Storytelling: The Newest Label In Our Field
You see, anyone can tell a story. But, is everyone capable of telling a good story that will have the desired effect? Just like all the past labels for communications and public relations professionals, the term ‘storytelling’ not only runs the risk of being overused, but it is at risk of not being properly understood.
For many years, communications and public relations professionals have been labelled as spin doctors, flacks, promoters and publicists, just to name a few. Ironically, as communicators, we have had the hardest time trying to explain exactly what we do…
However, the rise in usage and popularity of social media has helped family, friends and clients ‘get it’. And, as the role and therefore definition of a communications and public relations professionals has evolved, so too have our labels.
The newest label in our field is Storyteller. And we love it, because it sums up exactly what we do.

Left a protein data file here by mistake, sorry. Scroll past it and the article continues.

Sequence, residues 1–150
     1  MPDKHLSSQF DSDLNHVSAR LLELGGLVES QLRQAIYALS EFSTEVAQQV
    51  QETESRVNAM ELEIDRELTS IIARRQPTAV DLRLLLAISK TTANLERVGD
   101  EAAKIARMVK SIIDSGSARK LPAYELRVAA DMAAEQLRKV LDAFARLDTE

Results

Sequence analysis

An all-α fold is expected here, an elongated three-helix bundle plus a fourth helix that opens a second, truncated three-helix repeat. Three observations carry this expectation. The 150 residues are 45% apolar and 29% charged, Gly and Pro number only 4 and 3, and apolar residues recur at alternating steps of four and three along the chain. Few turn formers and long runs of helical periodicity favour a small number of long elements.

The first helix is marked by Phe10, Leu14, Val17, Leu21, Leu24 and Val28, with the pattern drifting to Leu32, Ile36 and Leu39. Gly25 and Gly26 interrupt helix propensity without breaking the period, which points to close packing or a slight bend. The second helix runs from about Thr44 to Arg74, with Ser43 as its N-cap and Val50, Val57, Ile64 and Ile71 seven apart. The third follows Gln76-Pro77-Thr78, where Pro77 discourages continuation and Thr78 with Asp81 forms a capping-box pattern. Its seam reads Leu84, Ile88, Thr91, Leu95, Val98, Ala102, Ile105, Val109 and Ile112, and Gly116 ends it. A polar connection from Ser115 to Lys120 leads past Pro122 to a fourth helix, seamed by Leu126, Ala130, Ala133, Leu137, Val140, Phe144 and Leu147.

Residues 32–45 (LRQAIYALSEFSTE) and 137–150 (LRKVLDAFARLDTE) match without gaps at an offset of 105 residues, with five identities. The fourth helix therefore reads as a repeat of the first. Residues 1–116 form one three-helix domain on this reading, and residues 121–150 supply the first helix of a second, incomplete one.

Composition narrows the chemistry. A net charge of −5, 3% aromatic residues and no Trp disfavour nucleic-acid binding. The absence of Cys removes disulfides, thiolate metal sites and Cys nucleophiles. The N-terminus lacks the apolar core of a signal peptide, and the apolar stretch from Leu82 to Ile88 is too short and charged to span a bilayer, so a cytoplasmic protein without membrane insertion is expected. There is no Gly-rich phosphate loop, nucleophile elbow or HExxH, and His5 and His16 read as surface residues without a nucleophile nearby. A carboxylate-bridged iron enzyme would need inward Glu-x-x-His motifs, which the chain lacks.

Although it sounds like a simple concept, there is a bit more to it when it comes to Storytelling because it’s all about shaping, motivating and influencing publics to think and act a certain way.
You see, anyone can tell a story. But, is everyone capable of telling a good story that will have the desired effect?
A good storyteller must be technically proficient and know how to structure and sequence content using the appropriate style and tone for the reading public. Furthermore, the content must be relatable and familiar to readers.
Using a strategic communication process, we get to the core of what it is our clients do and what they stand for. We then develop narratives that tell that story to our client’s ‘publics’ with the goal of creating an emotional connection between our clients and their customers, prospective customers, media, key opinion leaders, investors, and employees.
Client stories are based on facts and understanding their real point of difference. Then, we develop a well-thought-out strategy that determines how and where we communicate their story. Channel selection is a storyteller’s best weapon. After all, what good is a great story if no one can read, hear about it or relate to it?
Just like all the past labels for communications and public relations professionals, the term ‘storytelling’ not only runs the risk of being overused, but it is at risk of not being properly understood.
When understood and used properly however, ‘once upon a time’ has the real potential to lead to ‘happily ever after’.
Andy Abey, Senior Communications Consultant